By March 2018, Cotten was operating Quadriga like a revolving door.
In reality, Quadriga’s financial situation was dire and assets held on the platform were dwindling. By March 2018, Cotten was operating Quadriga like a revolving door. Canadian dollars, American dollars and crypto assets deposited by clients to fund their accounts were immediately re-routed to fund withdrawals by other clients. However, with the flood of withdrawal requests, the outflow of real assets—especially Canadian dollars—from the platform greatly outweighed the inflow of real assets. In an effort to keep up with the demand for withdrawals, Cotten was also selling off the platform’s remaining crypto assets, cashing them in at the prevailing low market prices. He also transferred back to Quadriga some of the $24 million he had previously transferred to himself and Robertson for personal use. Between August and December 2018, Cotten transferred approximately $10 million from his personal bank account to a payment processor, which distributed it to clients.
Cotten was also selling off the platform’s remaining crypto assets, cashing them in at the prevailing low market prices.
The following chart shows the discrepancy between Quadriga’s assets and liabilities, with crypto assets valued at their Canadian dollar equivalent, from May 2017 to early 2019. It should be noted that while the difference between the assets and liabilities amounts drops during 2018, this is mainly due to the decrease in crypto asset prices. We estimate that, regardless of crypto asset prices, Quadriga was unlikely to return to a solvent financial position.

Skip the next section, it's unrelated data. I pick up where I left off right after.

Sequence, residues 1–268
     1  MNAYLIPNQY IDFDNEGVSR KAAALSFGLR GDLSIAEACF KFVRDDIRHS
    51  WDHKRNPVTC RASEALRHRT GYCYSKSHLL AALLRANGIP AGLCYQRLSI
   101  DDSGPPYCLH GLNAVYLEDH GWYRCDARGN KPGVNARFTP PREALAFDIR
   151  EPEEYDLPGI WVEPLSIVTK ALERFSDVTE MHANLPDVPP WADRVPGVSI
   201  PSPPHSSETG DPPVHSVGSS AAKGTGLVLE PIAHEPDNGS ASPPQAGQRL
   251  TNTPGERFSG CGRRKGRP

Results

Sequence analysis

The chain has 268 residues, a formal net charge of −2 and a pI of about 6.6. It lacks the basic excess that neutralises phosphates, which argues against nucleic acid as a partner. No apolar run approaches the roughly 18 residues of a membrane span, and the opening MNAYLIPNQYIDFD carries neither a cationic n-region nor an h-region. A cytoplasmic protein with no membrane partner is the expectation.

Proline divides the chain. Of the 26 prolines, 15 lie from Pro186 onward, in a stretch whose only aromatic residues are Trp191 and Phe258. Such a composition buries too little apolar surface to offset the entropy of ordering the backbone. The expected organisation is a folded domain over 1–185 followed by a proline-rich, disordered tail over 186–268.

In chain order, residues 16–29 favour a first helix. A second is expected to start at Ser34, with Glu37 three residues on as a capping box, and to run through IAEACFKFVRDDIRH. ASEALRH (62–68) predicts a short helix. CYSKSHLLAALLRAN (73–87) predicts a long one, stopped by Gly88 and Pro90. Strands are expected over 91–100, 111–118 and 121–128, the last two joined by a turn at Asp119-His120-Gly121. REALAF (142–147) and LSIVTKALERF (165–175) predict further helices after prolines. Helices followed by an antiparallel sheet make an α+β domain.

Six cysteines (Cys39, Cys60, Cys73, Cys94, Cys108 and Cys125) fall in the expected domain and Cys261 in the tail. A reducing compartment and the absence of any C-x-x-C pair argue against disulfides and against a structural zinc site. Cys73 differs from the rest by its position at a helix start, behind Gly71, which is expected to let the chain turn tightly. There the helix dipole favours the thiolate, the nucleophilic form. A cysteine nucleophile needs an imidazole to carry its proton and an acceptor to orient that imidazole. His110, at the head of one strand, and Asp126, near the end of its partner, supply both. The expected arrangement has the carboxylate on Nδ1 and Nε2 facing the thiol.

Quadriga Assets vs. Liabilities (includes crypto and fiat assets)
In October 2018, Robertson and Cotten got married in a small, private ceremony in Scotland. They made plans to honeymoon in India, where they were funding the construction of an orphanage. In early December, while already in India, Cotten made two transfers totaling $500,000 from his personal account to fund client withdrawals. Shortly thereafter, he and Robertson checked into the ultra-luxury Oberoi hotel in Jaipur, India.
Cotten's Death Exposes Quadriga’s Dire Financial Situation
The Quadriga website reported that it was offline.
Cotten's Death Exposes Quadriga’s Dire Financial Situation
Cotten died in India on December 9, 2018 while on his honeymoon. New directors were appointed, who decided to suspend activities on Quadriga’s platform. The Quadriga website reported that it was offline.
Cotten’s death, and the ensuing efforts to locate assets, exposed the extent of Quadriga’s problems. It was widely believed that the bulk of the asset shortfall was due to lost or inaccessible private keys; however, this was not the case. As described previously, Quadriga was already in crisis before Cotten’s death, and most likely would have collapsed even if Cotten had lived. By the time of his death, the platform owed approximately $215 million to clients but had almost no assets to cover By November 2016, Cotten had injected so many fake assets into the platform that its eventual insolvency was all but assured. However, until it was ultimately shut down by the new directors, Quadriga never stopped accepting new clients and new deposits, even while teetering on the brink of collapse.
By November 2016, Cotten had injected so many fake assets into the platform that its eventual insolvency was all but assured.
At the time of his death, Cotten had no access to most of the funds that were later recovered by the Trustee Ernst & Young. The majority of the recovered assets consisted of funds that were still frozen by CIBC at the time of Cotten’s death.